Ready For DIY Pallet Crafts?

Not everyone can attest to having enormous pallets at their access–mine happened to be leftover from our recent flagstone patio project (you can read about that here, here, here, and here). I wasn’t about to let them go to waste. See, they’re a lot bigger than the common pallet you often come across, they’re mammoth and strong enough to support thousands of pounds of flagstone, each weighing approximately 60 pounds.

Emily and Cody, ready to build a DIY palette table.

Side note: I can’t take a picture with my dog, Cody, without him howling.

Due to their weight, these pallets weren’t going to be ideal for a wall-hanging piece like you often see, but I did have a project in mind that would make great use of the strong, free materials.

Keep on reading to see how I designed and built my own DIY outdoor pallet table!

See, we have a table that sits on the deck for everyday use (I gave it an update this past spring and it’s held up really, really well all summer), but that table isn’t in close enough proximity to the grill, forcing us to balance plates and juggle spatulas and tongs whilst preparing our summertime favorites. We’ve known for a long time that we really needed to get a small table to sit beside the grill (high enough to be out of the dog’s reach, of course, a constant consideration); while we considered one of the Weber-branded tables that attaches to the grill itself, we tend to move the grill around a bit and didn’t want to make it bulkier. Our biggest point is that we needed something durable enough to be left outdoors in sun and rain.

A pallet table seemed like the perfect fit, so just this week, I got to work creating a new piece of furniture from the pallet that had been sitting in the driveway. I had decided on a design that would leave us with a sideboard-sized table, 48″ wide x 20″ deep (half of the size of the whole palette) to create a generous space for food, drinks, and grilling accessories.

To saw the pallet in half, I used our cordless Sawzall to cut through the boards smoothly.

Cutting a palette with a Sawzall.

Insta-tabletop! I removed the single board from what would be the underside of the pallet table…

Rearranging boards on the palette table.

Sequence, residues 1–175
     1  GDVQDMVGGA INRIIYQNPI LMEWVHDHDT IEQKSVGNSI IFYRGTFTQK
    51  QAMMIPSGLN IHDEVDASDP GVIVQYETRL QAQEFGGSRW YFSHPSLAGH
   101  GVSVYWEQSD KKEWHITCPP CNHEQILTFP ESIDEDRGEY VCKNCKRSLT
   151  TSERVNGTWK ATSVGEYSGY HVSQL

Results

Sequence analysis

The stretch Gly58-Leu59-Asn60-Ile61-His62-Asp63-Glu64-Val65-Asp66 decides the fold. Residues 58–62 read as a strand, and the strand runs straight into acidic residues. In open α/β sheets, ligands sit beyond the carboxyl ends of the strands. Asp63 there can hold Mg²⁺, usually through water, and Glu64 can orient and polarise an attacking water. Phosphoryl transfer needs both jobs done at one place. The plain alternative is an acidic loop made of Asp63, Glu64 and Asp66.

… and fit it into the gap between the boards on the top of the pallet (surprisingly, a perfect fit with no additional cuts needed!). I was even able to secure the board into place using the original nails.

A solid palette tabletop.

With the whole pallet cut in half, I then pulled other boards from my pallet wood pile and used them as legs (approximately 30″ in length each). The only monetary investment for this project happened to be $8 for eight 1/4″ x 4″ lag bolts, two to attach each leg to the table top. I used clamps, a few pieces of scrap wood, a drillbit to pre-drill holes for the bolts, and a socket wrench to tighten them. Friendly reminder: Square up often so that those legs stand perfectly. I really lucked out with the consistency of my pallet scraps; the ends of the “legs” were cut clean and square, and required no extra trimming.

Securing table legs for my palette table.

I staggered the bolts to prevent them from being wobbly, and they cinched the leg and tabletop frame together almost effortlessly.

Securing lag bolts to attach the legs of my palette table.

The finished piece, currently positioned alongside the garage in the vicinity of where we grill our summer meats and veggies, looks wonderful.

Completed DIY Palette Table.

Completed DIY Palette Table

What virtually free, resourceful furniture have you made lately? Have you ever made anything with scrap pallets?

Catching the home improvement bug at an early age, Emily Winters is a now a devoted DIYer living in Rochester, NY. The projects she covers on her blog Merrypad range from painting a wall to building a deck, so it’s only natural she landed at DIYNetwork.com. You can follow Emily on twitter at @merrypad and like her on facebook at facebook.com/merrypad.

36 Responses

  1. Rachel says:

    Why did you attach pieces of wood on either side of the legs and use those to secure to the top, then bolt the legs to them, rather than simple nailing down into the legs through the table top? Is that what prevents the table from collapsing to the side? Also, those legs look squarer than pallet wood; what part did they come from?

    Great project – just looking for the simplest way to do the same!

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About Emily Fazio 

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I caught the home improvement bug at an early age, and now I'm a full-time DIYer living in Rochester, NY. The projects I cover on my blog Merrypad range ...

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